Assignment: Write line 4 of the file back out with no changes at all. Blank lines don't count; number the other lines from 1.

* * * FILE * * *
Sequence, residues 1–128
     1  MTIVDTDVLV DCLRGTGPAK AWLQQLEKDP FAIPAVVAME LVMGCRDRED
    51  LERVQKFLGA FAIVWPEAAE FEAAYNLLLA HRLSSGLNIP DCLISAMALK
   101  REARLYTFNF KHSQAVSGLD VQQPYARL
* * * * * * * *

   101  REARLYTFNF KHSQAVSGLD VQQPYARL